Insurance Article

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6 Questions to Ask Before Purchasing "Dental Insurance"

 

The conversation usually starts out a little like this…. "Hello, it has been awhile since I’ve been to the dentist and I know I have some work to be done, so I was considering buying dental insurance. I was wondering if there was a certain plan you could recommend." I find that I receive at least a dozen inquiries similar in nature each week.

The implementation of the Healthcare Reform Act has made dental insurance seem more attainable to some people that may not have had coverage in the past. However, understanding the coverage of the many varied, and continuously changing plans available can be challenging and frustrating. I have seen many scenarios where a patient purchases a dental policy without proper research and eagerly heads to their dentist to catch up on long over-due treatment, just to get hit with a large and unexpected bill.

The term, "dental insurance" is actually a misnomer. Insurance is a form of risk management, typically purchased to transfer liability to another entity in order to protect oneself from the financial impact of a major incident or affliction. Dental insurance is rarely comprehensive enough to cover more than a couple of hygiene appointments and a few fillings. It is important to be aware that dental plans are not structured the same way that health insurance plans are. Also, dental coverage for adults is not a requirement through the Affordable Care Act so there are no "minimal essential coverage" requirements to regulate what is offered. It is best to view a dental policy as a way to offset some of your treatment costs, and not as true insurance.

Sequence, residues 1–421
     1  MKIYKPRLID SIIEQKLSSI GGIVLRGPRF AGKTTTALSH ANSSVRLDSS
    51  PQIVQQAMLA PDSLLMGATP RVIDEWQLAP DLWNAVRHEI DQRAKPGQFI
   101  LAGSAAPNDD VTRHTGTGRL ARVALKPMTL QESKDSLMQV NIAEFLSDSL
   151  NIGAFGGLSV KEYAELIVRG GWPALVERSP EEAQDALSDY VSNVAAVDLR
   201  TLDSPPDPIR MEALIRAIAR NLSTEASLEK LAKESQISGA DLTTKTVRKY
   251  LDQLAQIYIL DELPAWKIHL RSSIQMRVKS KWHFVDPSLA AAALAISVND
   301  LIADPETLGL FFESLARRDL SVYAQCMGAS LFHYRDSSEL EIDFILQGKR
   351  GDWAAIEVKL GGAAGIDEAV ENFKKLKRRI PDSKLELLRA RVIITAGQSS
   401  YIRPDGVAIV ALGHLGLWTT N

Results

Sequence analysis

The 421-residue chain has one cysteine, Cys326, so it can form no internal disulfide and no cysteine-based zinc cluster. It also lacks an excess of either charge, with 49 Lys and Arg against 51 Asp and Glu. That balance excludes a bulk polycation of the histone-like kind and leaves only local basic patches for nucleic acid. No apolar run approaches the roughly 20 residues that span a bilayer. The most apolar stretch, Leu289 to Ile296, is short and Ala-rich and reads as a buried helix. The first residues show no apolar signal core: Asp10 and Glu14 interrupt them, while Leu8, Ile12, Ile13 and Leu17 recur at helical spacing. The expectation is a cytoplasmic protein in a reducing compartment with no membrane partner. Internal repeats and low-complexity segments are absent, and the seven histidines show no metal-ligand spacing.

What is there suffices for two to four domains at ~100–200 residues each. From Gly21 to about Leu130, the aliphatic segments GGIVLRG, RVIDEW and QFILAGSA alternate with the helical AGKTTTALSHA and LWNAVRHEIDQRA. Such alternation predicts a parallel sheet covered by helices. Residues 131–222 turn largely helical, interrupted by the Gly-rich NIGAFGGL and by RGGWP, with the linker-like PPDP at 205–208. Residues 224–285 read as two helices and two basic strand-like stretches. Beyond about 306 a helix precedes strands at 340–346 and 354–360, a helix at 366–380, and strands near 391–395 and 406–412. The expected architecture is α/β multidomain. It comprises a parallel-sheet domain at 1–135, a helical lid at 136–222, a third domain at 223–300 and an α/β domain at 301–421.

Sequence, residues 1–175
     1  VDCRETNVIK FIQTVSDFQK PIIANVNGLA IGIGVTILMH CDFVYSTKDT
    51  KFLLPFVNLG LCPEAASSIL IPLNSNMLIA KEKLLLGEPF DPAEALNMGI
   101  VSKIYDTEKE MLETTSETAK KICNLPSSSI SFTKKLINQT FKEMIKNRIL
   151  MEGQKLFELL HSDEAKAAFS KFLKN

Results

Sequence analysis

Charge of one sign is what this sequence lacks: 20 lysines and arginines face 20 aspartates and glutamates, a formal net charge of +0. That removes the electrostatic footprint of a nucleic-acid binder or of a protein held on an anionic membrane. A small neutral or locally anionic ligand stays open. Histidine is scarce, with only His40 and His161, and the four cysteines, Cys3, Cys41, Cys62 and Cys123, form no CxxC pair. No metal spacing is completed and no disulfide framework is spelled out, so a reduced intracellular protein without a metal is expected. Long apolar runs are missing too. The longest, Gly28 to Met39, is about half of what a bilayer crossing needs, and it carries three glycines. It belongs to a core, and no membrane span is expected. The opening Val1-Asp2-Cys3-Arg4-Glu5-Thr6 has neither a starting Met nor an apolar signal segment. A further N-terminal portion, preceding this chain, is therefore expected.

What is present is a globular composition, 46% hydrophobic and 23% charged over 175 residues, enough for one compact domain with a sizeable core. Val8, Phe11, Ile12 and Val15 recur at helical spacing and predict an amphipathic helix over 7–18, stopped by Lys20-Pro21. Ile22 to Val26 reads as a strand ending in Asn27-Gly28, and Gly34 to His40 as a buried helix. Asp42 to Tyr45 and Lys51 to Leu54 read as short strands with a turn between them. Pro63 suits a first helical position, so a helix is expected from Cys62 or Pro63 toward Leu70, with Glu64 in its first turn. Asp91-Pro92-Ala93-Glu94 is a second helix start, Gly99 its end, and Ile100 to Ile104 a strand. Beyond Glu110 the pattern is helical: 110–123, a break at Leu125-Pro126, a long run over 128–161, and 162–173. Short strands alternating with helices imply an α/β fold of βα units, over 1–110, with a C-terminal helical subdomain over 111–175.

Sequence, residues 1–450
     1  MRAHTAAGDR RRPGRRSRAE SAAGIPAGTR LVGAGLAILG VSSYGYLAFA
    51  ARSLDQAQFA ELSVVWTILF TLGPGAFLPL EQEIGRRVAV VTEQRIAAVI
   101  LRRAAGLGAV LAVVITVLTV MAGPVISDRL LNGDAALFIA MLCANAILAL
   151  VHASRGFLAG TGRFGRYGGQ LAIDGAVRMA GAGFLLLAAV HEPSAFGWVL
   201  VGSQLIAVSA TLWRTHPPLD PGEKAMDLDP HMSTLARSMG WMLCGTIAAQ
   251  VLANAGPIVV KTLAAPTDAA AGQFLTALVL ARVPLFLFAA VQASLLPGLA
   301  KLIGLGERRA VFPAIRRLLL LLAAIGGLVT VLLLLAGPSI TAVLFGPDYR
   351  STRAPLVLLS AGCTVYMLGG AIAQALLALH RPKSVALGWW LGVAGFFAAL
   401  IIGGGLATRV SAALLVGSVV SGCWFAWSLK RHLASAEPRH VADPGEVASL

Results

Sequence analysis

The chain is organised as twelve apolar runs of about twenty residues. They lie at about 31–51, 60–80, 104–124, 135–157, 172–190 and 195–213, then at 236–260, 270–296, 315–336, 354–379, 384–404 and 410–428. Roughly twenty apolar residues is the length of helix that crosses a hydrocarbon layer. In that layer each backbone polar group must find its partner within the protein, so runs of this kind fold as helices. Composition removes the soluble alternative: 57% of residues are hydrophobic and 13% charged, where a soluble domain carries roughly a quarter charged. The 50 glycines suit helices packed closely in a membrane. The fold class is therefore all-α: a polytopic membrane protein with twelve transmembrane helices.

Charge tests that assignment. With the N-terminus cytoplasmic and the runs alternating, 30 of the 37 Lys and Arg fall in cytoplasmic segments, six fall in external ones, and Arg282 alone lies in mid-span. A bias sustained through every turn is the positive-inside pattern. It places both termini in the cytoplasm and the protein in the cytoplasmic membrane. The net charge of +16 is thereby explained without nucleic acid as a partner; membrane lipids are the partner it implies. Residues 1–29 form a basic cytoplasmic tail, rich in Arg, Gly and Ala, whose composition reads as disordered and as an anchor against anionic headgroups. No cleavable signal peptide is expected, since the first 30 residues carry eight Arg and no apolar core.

While there is no straight forward answer as to which plan is best, there are a few key questions that you can ask when considering a stand-alone dental plan.

1. What is the annual plan maximum? This should not be confused with medical insurance out-of-pocket maximums, where once a patient has paid a certain dollar amount during the year, insurance kicks in and pays the rest in full. A plan maximum is the total amount that insurance will pay out during the year; any remaining balance becomes an out-of-pocket expense to the patient. Dental maximums are commonly around $1000 to $1500 per year. Unfortunately, annual maximums are still similar to what they were when dental insurance was first introduced in the 1960’s, even though dental costs and dental premiums have increased significantly.